Well, with some hesitation, I made the commitment to join my friends and run in the 2019 OC Ragnar. I signed on without knowing the full details. Actually, I don't think any of the other eleven team members knew what they were signing up for. Basically, the OC Ragnar is a 24 hour running relay race starting in Huntington Beach California winding its way through Southern California's coastal cities, finishing in San Diego California. Each team member has a set of 3 legs to run with various miles, terrain, and times of day and night. The team travels together in two vans supporting and cheering on the team member as they run their portion of the course. However, there are times when vans are not allowed to travel the course, leaving the runner to run without support.
Twelve crazy friends of all ages spanning from the mid 20's through the mid 60's, were all willing to explore, bond, laugh, cry, support, and tolerate the journey and each other. The experience was wonderful and I know that I'll have my eleven friends forever.
As time grew closer, I had more questions...Where and when will I sleep? When do I eat? Where and when do I shower? Do I have to run at night in a strange place alone? Who is going to drive the van?
All great questions, that were solved at our Ragnar planning meeting.
Answers: Sleep in the van. Bring your own snacks and special food. Eat as a team at selected restaurants. Shower at Fitness gym with guest pass and or shower at team member's home. Yes, you have to run at night but you will have a headlight, shoe light, and reflective vest with a tail light. Volunteer team members drives the van.
My first leg through Santa Ana California
was hot and not very exciting. There was lots of traffic and traffic signals galore, especially over the freeway passes.
Once all logistics were answered, I had to deal with my fear of my night run.
And, I guess that is what this blog is really about. Me having to face my fears. Running the distance wasn't my problem. What I had to deal with, was my insecurity of running alone at 11:30pm in a unfamiliar, poorly lit, hilly, undeveloped area. Oh! My gosh! I filled my head with so much crap that I even threw up before my leg.
Equipped with my night running gear, I stood by the hand off finish/start line pacing and digging up the courage to go. When I saw Amy hauling ass round the corner, I knew there was no turning back and I had to get my big girl panties on and do my best not only for my team but for myself. I don't know if it was because Amy was running on endorphins or because the hand off area was so dark, but she ran right by me.
People were cheering those running in. Somehow she heard my voice call out her name. Out of breath, she ran back to me and the wrist band exchange was completed.
I was off. I threw my caution to the wind and dug deep. "You got this Cynthia. You can do this. Enjoy the run," I repeated all the way down hill and around the bend.
I've heard may people say, "It's amazing what your body can do when you put your mind to it." Well, this was my test.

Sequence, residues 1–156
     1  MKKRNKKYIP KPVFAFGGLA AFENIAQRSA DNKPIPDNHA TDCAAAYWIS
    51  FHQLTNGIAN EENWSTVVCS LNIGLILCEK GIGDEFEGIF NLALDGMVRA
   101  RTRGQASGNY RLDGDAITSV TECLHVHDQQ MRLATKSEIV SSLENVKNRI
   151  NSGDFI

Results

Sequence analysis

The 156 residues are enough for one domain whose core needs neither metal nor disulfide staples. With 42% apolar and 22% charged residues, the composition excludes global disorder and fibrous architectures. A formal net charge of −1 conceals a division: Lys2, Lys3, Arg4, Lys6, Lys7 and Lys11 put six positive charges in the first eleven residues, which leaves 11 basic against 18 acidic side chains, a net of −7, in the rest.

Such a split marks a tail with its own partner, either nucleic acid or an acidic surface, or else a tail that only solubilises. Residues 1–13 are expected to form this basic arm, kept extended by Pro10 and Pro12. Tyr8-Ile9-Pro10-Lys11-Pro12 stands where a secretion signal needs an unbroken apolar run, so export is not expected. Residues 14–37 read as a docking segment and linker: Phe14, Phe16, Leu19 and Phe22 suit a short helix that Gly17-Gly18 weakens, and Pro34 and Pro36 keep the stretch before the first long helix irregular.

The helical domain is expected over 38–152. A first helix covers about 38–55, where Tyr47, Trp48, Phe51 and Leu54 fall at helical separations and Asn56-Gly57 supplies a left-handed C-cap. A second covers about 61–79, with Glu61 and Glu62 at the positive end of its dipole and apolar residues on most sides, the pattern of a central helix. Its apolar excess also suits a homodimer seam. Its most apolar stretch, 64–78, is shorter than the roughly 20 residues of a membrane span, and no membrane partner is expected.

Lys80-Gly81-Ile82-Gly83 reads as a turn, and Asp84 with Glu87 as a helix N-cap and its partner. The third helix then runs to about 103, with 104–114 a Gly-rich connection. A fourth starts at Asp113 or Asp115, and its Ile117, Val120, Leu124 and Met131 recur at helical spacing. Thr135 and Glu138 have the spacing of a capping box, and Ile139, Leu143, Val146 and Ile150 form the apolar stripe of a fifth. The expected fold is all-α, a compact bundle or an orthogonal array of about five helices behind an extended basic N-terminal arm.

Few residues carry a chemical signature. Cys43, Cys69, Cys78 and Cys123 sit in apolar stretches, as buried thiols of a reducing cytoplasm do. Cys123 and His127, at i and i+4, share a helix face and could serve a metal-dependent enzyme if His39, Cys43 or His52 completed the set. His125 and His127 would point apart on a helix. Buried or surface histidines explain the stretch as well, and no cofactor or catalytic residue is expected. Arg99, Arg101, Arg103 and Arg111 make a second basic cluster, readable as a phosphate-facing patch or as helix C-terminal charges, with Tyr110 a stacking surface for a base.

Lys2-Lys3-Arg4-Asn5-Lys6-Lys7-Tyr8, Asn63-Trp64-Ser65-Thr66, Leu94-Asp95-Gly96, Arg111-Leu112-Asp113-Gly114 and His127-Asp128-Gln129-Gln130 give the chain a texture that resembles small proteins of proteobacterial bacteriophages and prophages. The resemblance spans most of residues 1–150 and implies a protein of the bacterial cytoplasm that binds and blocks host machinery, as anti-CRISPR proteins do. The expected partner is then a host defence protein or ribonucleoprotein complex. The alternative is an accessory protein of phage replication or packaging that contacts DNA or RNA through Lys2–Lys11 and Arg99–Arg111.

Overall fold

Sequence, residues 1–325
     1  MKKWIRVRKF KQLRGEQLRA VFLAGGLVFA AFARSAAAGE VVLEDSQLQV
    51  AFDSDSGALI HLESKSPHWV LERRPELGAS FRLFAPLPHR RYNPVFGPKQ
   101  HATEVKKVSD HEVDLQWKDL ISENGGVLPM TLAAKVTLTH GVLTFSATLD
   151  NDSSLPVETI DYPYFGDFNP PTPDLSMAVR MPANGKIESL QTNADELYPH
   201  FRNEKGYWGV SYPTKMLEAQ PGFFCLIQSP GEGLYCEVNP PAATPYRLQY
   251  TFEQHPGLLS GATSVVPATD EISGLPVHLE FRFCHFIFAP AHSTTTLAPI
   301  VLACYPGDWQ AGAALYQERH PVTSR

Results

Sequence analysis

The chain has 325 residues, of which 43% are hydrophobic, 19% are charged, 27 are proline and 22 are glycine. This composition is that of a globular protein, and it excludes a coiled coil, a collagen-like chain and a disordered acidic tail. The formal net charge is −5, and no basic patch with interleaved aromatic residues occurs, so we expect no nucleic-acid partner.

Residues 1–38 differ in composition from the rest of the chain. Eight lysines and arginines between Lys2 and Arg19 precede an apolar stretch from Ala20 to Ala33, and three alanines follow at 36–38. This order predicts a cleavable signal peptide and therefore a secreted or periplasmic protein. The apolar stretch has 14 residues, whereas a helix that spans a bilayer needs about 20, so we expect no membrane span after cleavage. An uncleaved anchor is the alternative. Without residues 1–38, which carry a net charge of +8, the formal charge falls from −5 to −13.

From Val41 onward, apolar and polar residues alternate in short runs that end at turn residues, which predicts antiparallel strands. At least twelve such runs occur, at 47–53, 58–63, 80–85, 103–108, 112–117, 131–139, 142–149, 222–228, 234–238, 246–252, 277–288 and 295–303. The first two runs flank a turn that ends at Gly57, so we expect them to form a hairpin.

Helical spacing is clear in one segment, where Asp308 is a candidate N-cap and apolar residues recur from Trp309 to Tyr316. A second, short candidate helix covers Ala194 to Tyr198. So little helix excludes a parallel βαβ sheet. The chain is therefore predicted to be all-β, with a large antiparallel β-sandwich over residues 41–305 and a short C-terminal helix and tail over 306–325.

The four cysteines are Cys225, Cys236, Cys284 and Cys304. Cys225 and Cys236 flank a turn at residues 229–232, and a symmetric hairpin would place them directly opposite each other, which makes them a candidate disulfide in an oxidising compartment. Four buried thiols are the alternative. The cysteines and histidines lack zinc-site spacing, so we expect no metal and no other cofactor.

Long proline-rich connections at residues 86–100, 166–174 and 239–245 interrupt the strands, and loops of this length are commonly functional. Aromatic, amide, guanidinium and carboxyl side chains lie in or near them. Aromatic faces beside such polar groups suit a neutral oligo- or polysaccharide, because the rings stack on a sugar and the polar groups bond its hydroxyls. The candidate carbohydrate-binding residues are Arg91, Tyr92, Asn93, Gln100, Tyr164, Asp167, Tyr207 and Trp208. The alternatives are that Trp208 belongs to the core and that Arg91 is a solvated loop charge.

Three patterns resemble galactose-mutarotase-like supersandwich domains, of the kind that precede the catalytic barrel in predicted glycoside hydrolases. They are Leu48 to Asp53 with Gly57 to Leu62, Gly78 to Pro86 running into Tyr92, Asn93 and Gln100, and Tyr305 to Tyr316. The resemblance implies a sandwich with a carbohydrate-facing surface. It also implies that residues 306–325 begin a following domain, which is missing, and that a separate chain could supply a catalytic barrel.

Attitude adjustment needed real fast. I focused on the beautiful night sky, the stars that I don't get to see very often, the quietness and serenity. I focused on the rhythmic sound of my breathing breaking the silence and the sounds of each stride striking the ground. Everything was in place and the cool temperature allowed for perfect running weather.
This was a time by myself, mostly for myself. The miles went by and I grew stronger and more confident as I let go of negative stuff holding me back. Visions of Joe the slasher jumping out of the bushes, a coyote attacking me, my X kicking me to the curb, again! Insecure thoughts of not being able to run the distance, were tossed out of my brain to make room for positive thoughts and feelings. Those thoughts of running alone, running in the dark, running in a strange unpopulated area, steep hills, and getting lost, all turned out to be a gift. It was an opportunity to connect with my positive, brave, adventurous self and overcome those fears. I finished strong and my timing was one of my best. I was so high on endorphins that I didn't want to stop running. But, I was at the end of my leg and need to hand off to Neda.
After my last run, I was pumped and excited to run again. Solana Beach is a familiar place to me. This part of the coast line is alway a preferred destination for runners and cyclist. The view is spectacular. The roads are clean and laced with flower gardens. The quaint little town of Solana Beach offers trendy restaurants and fun shopping.
This last leg was my longest and hardest only because of the elevation climb. Around mile 6 my left quad started to cramp because of the steep hill. I contacted my team and they reminded me to just take it easy and walk. When I reached the top, to my joy they were there waiting for me with ice water, cookies and moral support. Stephanie offered to run with me but as I ran across the plateau my cramp lessened and I wanted to finish on my own. Surprisingly, as I ran down the hill my cramp went away and I was able to enjoy the last part of my leg painless. I was so happy and proud to round that last corner. The spectators were cheering and some man shout out to me, "You're awesome! I saw you at the last 2 handoffs. You're awesome!" That unknown person made my finish even better. Thank you, Sir!
OC RAGNAR 2019!!!!! Another Bucket List accomplished. Would I do it again? Yes! And, without hesitations.